This course focuses on the war powers that the Constitution grants to the Congress and the president. Particular attention will be paid to the ways in which that balance has evolved over time from the founding to the present day.

POLS 321 | CONSTITUTIONAL LAW AND AMERICAN GOVERNMENT:FEDERALISM AND SEPARATION OF POWERS

Units: 3

This course begins with an examination of the early development of American constitutional law, including the Articles of Confederation, the Constitutional Convention, and the Federalist Papers. Students also explore the development of Supreme Court doctrine regarding judicial review, conflicts among the three departments of government in domestic and foreign affairs, and the ongoing struggle to define the responsibilities of state and federal governments.

POLS 322D | CONSTITUTIONAL LAW: CIVIL RIGHTS AND LIBERTIES

Core Attributes: Diversity-Pre F17 CORE

This course examines constitutional law and politics, with a focus on civil rights and individual liberties. Topics include free speech, racial and sexual discrimination, church and state, privacy, voting rights, and the rights of the accused. (Note: POLS 321 is not a prerequisite for this class).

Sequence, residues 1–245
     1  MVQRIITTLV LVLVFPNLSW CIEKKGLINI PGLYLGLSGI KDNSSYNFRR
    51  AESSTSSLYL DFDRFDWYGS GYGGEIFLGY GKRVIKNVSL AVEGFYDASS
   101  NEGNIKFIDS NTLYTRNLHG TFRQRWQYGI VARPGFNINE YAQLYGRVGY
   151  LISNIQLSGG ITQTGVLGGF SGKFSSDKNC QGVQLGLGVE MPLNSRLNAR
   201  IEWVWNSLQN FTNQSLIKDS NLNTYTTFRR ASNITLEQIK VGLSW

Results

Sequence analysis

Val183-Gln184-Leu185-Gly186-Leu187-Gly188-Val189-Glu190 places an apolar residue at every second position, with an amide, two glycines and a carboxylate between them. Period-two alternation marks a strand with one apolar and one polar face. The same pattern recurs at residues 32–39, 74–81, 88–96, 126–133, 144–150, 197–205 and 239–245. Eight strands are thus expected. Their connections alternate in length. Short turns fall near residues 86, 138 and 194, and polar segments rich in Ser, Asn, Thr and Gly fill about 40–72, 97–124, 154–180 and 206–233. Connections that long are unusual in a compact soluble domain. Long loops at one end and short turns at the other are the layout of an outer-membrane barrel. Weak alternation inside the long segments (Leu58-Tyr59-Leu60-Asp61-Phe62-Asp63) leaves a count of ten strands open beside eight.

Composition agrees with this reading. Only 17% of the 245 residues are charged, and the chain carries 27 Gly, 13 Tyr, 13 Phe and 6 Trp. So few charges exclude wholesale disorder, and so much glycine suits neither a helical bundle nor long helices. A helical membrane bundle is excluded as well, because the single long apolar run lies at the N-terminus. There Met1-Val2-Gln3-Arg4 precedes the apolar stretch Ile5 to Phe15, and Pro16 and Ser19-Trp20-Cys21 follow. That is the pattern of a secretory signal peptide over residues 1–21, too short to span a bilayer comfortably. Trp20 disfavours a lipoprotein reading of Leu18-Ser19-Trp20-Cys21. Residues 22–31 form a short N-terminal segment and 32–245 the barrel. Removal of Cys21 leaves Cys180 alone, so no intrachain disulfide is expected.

POLS 323 | JUDICIAL BEHAVIOR

Core Attributes: Writing-Pre F17 CORE

This course explores judicial politics and decision-making, with particular emphasis on judges, lawyers, and juries. Topics include judicial selection and appointment, the limits of judicial power, the roles that lawyers play in our legal and political systems, and the development of trial by jury.

POLS 326 | COMPARATIVE LAW

Units: 3

This course presents a cross-national, historical, and comparative analysis of constitutional, administrative, and criminal law. Subject countries vary, but include representative judicial systems within the Civil Law, Common Law, and Socialist Law traditions.

POLS 327 | INTERNATIONAL LAW

Units: 3

This course examines the theory and practice of international law, including efforts to create effective legal means to define, proscribe, and punish war crimes, crimes against humanity, and terrorism. We discuss the negotiation, ratification, and enforcement of treaties and study multinational legal institutions such as the International Court of Justice, the International Criminal Court, and the International Criminal Tribunals for the Former Yugoslavia and Rwanda.

POLS 329 | LAW OF THE SEA